Tiling is a cost-effective option to give a bathroom a striking appearance, which needs little in the way of maintenance and can last for many years. Here’s how you can do it yourself.

 

One option is to employ a professional tiler, particularly if you want the job completed quickly, but labour charges can be expensive and you may have to accept spending less on the tiles to afford the services of an expert. Alternatively, tiling your own bathroom is a definite option even if you have a moderate level of DIY skills, so long as you invest in the correct equipment and accept that the task will take longer for you than a professional.

 

Preparing the walls

A uniform, neat finish is most likely to be achieved if the walls that you are tiling are flat and in good condition. Any plaster that has come loose where old tiles have been removed should be filled and sanded beforehand so that the surface of the wall is level. If you are tiling onto new plaster, scoring it with the edge of a trowel can help to create a ‘key’ for the tile adhesive to stick to.

If you are tiling a shower area, placing a vapour barrier or moisture resistant drywall behind the tiles is recommended, as ceramic tiles are slightly porous and, over time, problems with damp could occur.

 

Commencing tiling

Starting with the longest wall, measure the centre and mark a vertical chalk line (use a plumb line to ensure the line is absolutely vertical rather than relying on the bath, floor or ceiling to be straight). You will need to start tiling outwards in either direction from the centre line, working upwards towards the ceiling.

Using a tile adhesive comb, smooth adhesive across the wall where the first row of tiles will be positioned. Carefully press each tile into place, applying pressure all over to achieve a firm set. Adhesive will dry fairly quickly, so it is important to apply the tiles at a comfortable speed.

To achieve the optimum space between tiles, insert plastic spacers into the adhesive as you tile. Tile spacers are available in a variety of widths.

 

Tiling tricky areas

When you reach corners, you will probably find that you don’t need to use a full tile. Measure the space on the wall in two places (top and bottom), as the adjacent wall may not be at right angles and you may need to cut the tile accordingly. Different tile cutters are available in DIY stores to make cutting quick and neat.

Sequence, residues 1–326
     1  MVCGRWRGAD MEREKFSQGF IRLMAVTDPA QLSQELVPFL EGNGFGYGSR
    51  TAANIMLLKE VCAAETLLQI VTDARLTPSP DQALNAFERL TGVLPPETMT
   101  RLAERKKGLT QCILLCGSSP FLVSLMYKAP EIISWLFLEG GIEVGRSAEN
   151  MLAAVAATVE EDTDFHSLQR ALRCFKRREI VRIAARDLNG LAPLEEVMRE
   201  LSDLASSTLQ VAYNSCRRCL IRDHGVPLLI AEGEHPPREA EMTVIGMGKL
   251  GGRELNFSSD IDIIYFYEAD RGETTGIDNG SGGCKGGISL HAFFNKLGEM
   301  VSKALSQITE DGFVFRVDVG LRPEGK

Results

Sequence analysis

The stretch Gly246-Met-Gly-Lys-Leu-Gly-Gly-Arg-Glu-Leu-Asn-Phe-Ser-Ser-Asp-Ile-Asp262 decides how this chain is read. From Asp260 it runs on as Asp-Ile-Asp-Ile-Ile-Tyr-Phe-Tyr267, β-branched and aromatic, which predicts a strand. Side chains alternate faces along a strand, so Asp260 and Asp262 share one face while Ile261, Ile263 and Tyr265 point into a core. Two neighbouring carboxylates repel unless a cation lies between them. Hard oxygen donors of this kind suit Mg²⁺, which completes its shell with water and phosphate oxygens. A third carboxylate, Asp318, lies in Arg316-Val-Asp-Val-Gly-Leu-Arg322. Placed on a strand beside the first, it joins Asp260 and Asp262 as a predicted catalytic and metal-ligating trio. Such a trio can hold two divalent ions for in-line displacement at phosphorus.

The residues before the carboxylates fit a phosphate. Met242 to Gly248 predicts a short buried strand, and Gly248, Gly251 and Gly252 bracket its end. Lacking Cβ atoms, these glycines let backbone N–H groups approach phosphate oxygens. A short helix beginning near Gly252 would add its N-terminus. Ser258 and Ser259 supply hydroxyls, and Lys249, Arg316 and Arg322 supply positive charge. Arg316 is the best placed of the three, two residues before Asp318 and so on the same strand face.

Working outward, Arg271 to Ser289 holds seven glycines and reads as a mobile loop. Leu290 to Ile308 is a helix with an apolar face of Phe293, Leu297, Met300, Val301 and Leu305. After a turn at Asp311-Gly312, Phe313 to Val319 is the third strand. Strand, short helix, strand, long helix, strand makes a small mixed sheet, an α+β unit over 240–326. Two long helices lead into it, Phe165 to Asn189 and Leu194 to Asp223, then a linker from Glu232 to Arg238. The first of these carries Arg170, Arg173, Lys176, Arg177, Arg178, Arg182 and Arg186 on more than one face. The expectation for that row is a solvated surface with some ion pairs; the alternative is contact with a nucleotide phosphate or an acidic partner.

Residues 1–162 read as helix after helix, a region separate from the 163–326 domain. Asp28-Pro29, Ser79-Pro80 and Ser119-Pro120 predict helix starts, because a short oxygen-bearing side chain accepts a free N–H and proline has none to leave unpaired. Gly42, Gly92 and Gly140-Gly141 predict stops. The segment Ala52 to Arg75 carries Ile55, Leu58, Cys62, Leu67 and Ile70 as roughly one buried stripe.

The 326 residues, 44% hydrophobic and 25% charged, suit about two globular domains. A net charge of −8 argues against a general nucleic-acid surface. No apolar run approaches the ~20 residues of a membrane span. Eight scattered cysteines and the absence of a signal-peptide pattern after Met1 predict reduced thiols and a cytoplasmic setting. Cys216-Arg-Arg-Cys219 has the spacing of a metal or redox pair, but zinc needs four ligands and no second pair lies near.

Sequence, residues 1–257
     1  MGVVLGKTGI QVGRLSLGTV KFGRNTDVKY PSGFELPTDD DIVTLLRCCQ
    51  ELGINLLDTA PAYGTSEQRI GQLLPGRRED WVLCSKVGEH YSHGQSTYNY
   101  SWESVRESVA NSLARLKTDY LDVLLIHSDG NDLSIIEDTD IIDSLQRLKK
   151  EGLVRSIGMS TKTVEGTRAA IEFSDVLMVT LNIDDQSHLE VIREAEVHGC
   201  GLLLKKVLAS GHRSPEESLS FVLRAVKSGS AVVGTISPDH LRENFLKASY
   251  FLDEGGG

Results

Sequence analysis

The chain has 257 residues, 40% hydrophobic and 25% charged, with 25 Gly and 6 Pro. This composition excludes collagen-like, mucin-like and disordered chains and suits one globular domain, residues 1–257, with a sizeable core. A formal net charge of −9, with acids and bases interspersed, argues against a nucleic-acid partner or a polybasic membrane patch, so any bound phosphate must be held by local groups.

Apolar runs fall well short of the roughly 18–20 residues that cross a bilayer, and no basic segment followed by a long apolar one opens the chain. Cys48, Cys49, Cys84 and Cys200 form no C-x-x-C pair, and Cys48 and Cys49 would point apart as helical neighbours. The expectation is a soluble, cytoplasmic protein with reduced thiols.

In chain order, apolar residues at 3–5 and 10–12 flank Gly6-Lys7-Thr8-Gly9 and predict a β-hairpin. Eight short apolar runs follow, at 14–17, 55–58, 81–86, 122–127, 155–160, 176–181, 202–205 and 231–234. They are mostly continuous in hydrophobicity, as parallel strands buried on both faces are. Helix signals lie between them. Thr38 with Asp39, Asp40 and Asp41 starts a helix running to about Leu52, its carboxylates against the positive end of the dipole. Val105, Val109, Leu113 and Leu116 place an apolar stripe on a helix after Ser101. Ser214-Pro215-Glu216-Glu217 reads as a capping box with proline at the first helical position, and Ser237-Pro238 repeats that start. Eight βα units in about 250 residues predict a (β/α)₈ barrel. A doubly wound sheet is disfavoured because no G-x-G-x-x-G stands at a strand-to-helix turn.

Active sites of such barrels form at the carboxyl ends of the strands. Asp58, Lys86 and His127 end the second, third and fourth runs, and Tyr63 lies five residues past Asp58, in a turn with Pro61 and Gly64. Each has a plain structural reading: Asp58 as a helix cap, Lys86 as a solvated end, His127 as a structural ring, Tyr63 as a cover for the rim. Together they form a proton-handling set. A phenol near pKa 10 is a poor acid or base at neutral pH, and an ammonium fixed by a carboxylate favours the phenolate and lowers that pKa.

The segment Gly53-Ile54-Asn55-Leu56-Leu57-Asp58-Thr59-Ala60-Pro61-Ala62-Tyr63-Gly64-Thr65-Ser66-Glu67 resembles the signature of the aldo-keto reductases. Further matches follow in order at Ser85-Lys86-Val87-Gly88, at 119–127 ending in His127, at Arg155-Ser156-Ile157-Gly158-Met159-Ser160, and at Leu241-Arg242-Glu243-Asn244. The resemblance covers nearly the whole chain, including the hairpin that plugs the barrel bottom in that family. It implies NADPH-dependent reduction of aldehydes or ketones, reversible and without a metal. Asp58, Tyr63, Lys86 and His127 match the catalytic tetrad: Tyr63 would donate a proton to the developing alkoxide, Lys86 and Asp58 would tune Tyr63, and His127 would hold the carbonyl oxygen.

Around toilets and sinks, by far the easiest way to achieve a professional finish is to remove these fittings completely so that you can simply use whole tiles across the wall instead of having to cut tricky shapes. As this will invariably mean disconnecting from the water supply, you may wish to ask a plumber to do this for you.

 

Applying the finishing touches

Grouting between the tiles should be delayed for at least 24 hours after tiling so that the adhesive has time to set properly. Using a grouting tool will enable you to complete the job more quickly; any excess grout can be wiped clean of the tiles once dry.

Around sinks, showers and baths, it is vital to apply acrylic sealant where the tiles and the fittings meet, to prevent water from seeping into the gap and causing leaks. Sealant is available in white and clear shades; allow it to dry for 24 hours before letting it get wet.

By investing in time and patience, you will be able to achieve a professional finish in your tiled bathroom that will make the room eye-catching and easy to maintain for many years to come.

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